A nuns' burial plot at the grounds of the former Bessborough Mother and Baby Home has been "examined" but no geophysical survey has yet taken place at the site.
Speaking in the Dáil, children's minister Katherine Zappone said the Mother and Baby Homes Commission (MBCHOI) had carried out "initial testing" at the site which "may lead to more invasive test excavations" if necessary.
The burial plot in Bessborough contains the graves of a number of nuns as well as a plaque commemorating infants who died at the home.
It is unclear if the Commission examined or intends to examine any other section of the property as part of the inquiries. It did not respond to a request for clarification on the nature of the examination of the burial site.
Last month, the director of the MBCHOI, Ita Mangan said it has "no plans at present" to carry out a geophysical survey at the site but said that burial arrangements at Bessborough will be addressed in a report the Commission will submit to the minister in March.
"The burial arrangements at Bessborough are being examined and will be reported on in the burials report which we propose to submit to the minister in March. We have looked at the grounds but have not conducted a geophysical or similar examination of Bessborough," she said.
The Commission has recently conducted geophysical testing on the burial grounds located on the site of Sean Ross Abbey in Tipperary following information received by a member of the public.
Death registers for both Bessborough and Sean Ross Abbey were handed over to the HSE by the Order in 2011 and were later reported on by the Irish Examiner.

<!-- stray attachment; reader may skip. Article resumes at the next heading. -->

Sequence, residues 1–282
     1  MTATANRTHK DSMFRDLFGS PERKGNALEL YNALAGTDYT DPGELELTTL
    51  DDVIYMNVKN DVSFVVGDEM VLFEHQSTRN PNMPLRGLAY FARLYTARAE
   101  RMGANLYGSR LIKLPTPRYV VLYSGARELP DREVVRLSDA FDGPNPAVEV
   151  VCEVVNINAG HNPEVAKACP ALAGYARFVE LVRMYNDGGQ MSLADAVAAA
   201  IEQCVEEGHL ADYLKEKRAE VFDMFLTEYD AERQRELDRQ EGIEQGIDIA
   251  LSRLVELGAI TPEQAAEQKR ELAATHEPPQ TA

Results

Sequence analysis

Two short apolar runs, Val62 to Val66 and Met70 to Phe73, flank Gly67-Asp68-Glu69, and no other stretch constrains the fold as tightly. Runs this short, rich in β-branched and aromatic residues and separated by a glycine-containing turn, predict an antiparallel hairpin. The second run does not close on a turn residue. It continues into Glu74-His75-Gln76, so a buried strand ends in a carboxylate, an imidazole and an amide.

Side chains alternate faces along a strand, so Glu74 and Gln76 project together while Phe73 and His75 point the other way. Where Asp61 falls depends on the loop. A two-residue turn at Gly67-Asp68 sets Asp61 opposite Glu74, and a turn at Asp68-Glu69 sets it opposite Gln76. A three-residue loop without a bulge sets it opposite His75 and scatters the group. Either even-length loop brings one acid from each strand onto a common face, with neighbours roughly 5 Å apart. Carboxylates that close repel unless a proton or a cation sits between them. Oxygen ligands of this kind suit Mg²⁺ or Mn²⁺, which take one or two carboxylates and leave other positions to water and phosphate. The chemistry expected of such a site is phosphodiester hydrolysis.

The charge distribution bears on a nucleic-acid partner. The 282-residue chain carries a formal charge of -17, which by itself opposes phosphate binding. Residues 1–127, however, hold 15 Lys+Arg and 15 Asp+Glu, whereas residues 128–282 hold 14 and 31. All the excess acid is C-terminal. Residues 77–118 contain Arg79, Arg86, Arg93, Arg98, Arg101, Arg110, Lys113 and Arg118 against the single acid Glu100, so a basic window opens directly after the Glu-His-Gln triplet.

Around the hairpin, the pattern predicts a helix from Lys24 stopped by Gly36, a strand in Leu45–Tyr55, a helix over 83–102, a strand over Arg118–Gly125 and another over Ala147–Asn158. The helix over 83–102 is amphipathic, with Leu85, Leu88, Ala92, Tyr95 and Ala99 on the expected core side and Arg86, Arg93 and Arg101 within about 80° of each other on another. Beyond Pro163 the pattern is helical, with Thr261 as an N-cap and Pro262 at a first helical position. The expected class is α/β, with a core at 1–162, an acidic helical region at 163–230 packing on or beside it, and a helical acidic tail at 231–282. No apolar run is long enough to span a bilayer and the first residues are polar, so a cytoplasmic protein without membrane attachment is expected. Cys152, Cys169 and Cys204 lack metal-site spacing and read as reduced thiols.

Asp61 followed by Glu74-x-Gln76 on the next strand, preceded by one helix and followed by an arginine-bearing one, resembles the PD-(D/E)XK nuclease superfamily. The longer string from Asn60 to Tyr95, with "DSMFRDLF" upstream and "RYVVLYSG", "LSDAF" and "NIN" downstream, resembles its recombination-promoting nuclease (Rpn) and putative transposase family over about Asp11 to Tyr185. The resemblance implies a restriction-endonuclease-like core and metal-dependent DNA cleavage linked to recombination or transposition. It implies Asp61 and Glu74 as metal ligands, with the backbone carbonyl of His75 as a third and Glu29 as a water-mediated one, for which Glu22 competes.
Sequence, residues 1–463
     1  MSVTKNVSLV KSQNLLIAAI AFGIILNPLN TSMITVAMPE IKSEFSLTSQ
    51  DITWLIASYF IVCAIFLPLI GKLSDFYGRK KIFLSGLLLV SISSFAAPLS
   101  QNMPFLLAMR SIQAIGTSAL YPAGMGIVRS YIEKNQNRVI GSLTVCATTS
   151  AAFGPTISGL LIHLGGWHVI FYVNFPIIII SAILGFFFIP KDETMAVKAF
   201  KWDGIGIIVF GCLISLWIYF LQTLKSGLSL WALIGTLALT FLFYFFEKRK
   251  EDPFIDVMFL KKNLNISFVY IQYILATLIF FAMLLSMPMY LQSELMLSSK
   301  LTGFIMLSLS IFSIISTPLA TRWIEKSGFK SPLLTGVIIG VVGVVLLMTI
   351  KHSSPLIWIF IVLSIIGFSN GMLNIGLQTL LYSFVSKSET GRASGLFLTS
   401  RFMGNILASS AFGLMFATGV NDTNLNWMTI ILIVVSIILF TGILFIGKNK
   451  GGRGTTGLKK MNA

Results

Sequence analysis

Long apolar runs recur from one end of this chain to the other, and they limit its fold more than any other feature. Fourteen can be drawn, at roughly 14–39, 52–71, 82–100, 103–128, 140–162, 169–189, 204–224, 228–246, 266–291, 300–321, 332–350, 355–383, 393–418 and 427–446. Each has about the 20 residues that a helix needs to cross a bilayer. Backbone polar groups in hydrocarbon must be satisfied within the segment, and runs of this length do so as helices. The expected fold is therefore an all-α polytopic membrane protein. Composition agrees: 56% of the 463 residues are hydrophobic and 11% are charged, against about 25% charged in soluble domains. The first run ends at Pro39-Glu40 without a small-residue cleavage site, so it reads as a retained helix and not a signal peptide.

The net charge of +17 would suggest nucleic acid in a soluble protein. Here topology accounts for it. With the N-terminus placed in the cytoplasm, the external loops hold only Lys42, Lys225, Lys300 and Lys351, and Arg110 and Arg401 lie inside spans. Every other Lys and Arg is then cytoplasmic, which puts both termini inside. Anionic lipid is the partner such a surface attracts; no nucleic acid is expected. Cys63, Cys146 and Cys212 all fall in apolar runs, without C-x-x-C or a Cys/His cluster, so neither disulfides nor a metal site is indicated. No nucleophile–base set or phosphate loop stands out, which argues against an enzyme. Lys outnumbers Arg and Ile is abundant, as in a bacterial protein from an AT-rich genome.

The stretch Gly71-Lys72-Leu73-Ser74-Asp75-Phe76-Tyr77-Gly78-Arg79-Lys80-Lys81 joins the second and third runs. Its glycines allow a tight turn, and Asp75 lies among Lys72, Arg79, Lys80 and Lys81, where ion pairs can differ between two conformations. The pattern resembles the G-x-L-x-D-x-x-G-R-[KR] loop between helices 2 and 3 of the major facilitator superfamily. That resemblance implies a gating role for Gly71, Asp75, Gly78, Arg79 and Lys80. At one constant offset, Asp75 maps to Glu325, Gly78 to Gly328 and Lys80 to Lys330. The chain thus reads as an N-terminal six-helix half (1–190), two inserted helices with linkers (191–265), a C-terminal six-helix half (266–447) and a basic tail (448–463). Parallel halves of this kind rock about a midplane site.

In the case of Bessborough, the register shows that 470 infants and 10 women died in Bessborough between 1934 and 1953. A total of 273 deaths took place in just a six-year period between 1939 and 1944. However, the Order reported 353 deaths to State inspectors in this period.
Running to more than 50 pages, it lists each child’s name, date of death, former residence of the deceased, gender, age at last birthday, profession (which is marked ‘son’ or ’daughter’ in most cases), cause of death, duration of illness, initials of the officer recording the death, and the date when the death was registered.
The principal cause of death in some 20% of the deaths is marasmus (severe malnutrition). It is unclear where all of the children are buried.
Last year, an Irish Examiner investigation revealed that children from the Bessborough Mother and Baby Home and the former St Anne's Adoption Society, who died as late as 1990, are buried in unmarked graves in a Cork city cemetery.
Three grave plots in St Finbarr’s cemetery in Cork city were found to contain the remains of at least 21 children. Two of the three plots are completely unmarked. The third plot records just one name despite 16 children being buried in the grave.
Meanwhile, a report examining if it is possible to start taking DNA samples from survivors of the Tuam Mother and Baby Home will be completed within eight weeks.
Special Rapporteur on child protection Dr Geoffrey Shannon has been asked to examine whether it is possible to meet this request within the current legislative framework.